FAIR data:, Bioschemas, and W3C DCAT

The FAIR Data Principles are intended as a guide to making data Findable, Accessible, Interoperable and Reusable (FAIR, 2022). The machine actionability of the metadata associated with the data is an important aspect of FAIR data, referring to the ability of machines – and not just humans – to understand and manipulate the data. Until fairly recently, search engines had to scrape the Web using keywords and make a best guess about the actual page content. Even after applying natural language processing techniques to a page, there could still be significant ambiguity as to its content. To overcome this, the search engine companies collaborated in the development of the vocabulary, a standard vocabulary of generic terms4. This allows web developers to provide a high-level overview of the content of the page by embedding machine processable markup within the page source. For example, for a web page about the movie Casablanca, the markup can specify that it was a Movie type ( and not a city in North Africa. The markup could also provide additional properties such as the title of the movie using ( and the names of the actors ( This embedded markup is then used to create the knowledge graphs of the search engines. While the vocabulary is not a World Wide Web Consortium (W3C) Recommendation, there is a W3C community group that oversees the development of the Schema.org5.

In this paper, the focus is on describing the improvements in the Findability of scientific datasets through the embedding of machine interpretable markup within Web pages as well as improving dataset Interoperability from the use of a common vocabulary of terms. Note that the markup only provides a high-level description of what the dataset contains but not all the scientific details required to fully interpret the data. However, the key advance of such web vocabularies is that the markup can be accessed using standard Web protocols and the data can be made available in the JSON-LD format. Users can therefore access data without needing to understand site specific APIs. It is important to stress that since the entry barrier for the data provider is very low, the long-tail of scientific datasets and not just major data providers in a particular field can easily be made accessible.

Although the main focus of is to support general Web search, Google offers a dedicated search portal, Google Dataset Search, for collections of data6. The Dataset Search Portal allows the user to use a standard keyword search interface to search for collections of data. The content of the Google Dataset Search Portal is obtained from individual web pages using the Dataset type. Details of the datasets found can then be shown as well as links to related research articles and the data download location. The corpus of the Google Dataset Search Portal has grown from 500 thousand records in 2016 to 28 million in 2020 (Benjelloun et al., 2020). The portal now contains datasets from a wide range of fields with the Social Sciences (about 26%) and Geosciences (about 19%) dominating.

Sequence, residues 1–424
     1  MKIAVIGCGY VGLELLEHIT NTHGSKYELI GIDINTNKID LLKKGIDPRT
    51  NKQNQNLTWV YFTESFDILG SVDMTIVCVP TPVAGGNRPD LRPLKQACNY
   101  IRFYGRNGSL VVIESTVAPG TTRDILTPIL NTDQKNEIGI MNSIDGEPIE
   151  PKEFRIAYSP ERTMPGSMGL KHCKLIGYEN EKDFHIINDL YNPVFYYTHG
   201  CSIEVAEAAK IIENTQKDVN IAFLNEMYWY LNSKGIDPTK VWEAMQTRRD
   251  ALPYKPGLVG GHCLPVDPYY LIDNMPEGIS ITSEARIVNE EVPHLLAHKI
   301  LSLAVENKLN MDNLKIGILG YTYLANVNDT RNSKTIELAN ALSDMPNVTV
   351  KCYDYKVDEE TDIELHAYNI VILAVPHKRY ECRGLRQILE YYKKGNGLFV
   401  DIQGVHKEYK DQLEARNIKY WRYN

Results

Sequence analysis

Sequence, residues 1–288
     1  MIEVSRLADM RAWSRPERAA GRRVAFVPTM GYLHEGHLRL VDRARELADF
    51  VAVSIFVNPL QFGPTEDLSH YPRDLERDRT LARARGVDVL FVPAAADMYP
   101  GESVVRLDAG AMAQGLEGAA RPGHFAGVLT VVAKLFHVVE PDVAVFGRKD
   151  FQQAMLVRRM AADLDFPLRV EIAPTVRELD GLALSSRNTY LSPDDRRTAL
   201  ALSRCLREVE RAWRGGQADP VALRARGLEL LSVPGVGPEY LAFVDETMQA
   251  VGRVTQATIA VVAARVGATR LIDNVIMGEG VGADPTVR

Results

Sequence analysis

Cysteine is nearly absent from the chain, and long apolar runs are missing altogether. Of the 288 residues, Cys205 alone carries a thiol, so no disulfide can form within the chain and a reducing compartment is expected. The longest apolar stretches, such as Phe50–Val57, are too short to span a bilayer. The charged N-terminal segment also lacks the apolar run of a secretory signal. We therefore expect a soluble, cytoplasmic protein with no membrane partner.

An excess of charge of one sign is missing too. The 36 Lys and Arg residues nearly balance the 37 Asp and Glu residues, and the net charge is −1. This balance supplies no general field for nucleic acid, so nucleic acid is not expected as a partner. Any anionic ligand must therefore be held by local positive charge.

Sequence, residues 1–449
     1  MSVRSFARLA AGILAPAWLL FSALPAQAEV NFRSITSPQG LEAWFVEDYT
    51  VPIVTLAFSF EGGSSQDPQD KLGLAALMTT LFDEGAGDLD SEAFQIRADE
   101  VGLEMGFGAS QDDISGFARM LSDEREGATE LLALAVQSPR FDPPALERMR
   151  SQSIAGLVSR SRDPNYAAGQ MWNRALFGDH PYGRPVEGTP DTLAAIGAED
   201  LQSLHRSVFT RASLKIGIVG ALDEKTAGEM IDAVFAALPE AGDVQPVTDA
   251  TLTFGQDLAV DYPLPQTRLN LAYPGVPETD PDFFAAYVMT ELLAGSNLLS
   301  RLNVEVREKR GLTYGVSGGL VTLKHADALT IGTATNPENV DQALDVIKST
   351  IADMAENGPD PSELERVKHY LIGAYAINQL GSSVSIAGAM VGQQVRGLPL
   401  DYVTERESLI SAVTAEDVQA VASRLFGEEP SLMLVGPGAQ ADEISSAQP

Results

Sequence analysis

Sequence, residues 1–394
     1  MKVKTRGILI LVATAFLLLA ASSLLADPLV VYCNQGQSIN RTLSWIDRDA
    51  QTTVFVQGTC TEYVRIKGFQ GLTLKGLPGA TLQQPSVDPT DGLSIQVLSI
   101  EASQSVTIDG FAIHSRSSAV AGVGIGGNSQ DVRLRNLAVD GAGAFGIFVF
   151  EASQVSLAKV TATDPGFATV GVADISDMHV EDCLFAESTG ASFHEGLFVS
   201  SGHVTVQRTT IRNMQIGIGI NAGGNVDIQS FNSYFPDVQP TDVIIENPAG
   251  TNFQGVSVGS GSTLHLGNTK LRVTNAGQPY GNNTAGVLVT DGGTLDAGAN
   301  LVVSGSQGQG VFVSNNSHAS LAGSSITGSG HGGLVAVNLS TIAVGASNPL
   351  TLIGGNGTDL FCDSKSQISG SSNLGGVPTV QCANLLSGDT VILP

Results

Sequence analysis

The Findability of datasets can thus be enhanced by embedding Dataset markup within the homepage of the dataset7. When this markup is crawled by Google, the dataset will be added to their internal knowledge graph and become discoverable through their dedicated search portal for datasets as well as for their main search results. However, this search is based on keyword summaries of the dataset and, for example, can only find datasets about diseases in general and not for any specific disease. The Bioschemas initiative is an attempt by the life sciences community to extend the vocabulary with specific types relevant to life sciences to enable a slightly deeper inspection of the contents of the resources (Gray et al., in press)8. This provides a representation of the key characteristics of the resource and enables an initial level of Interoperability. Nevertheless, to obtain the full set of features of the data, the dataset needs to be retrieved from its original source in the detailed representation format in which it is published. Thus, the Bioschemas proposals do not replace any of the many existing domain ontologies.

The development of the Bioschemas types has followed the philosophy of the vocabulary. Instead of trying to accurately capture all the underlying biology, the developed types only aim to capture the characteristics that are most widely used when searching for a concept. In addition, the Bioschemas initiative has developed community agreed usage profiles over the types. These profiles identify the core set of properties (typically about 10) to describe a resource of a specific type from the sometimes 100s of available properties for the type. Web page developers simply follow the profile rather than needing to pick and choose which properties to use. The profiles also increase the consistency of the markup available to consuming applications meaning that the data is more viable for Reuse.

Since its inception in 2015, Bioschemas has developed 23 types for describing life sciences concepts, of which 6 have now been included into The community has also defined 37 profiles over these and existing types with the goal of making them more accessible to life sciences resource providers. By limiting the number of properties, the process of developing markup for a site is simplified and allows developers to focus more on modeling their own data (Gray et al., in press).

In summary, a key benefit of building on the vocabulary is that it is a globally agreed model for representing data. The approach, while not addressing important domain specific details, makes the data usable beyond the immediate community of interest, and due to the low deployment effort needed, this approach can be usefully applied to the long-tail of small datasets. Data marked up using can be consumed both by community specific registries and wider cross-domain registries, thus dramatically increasing the reach of the data.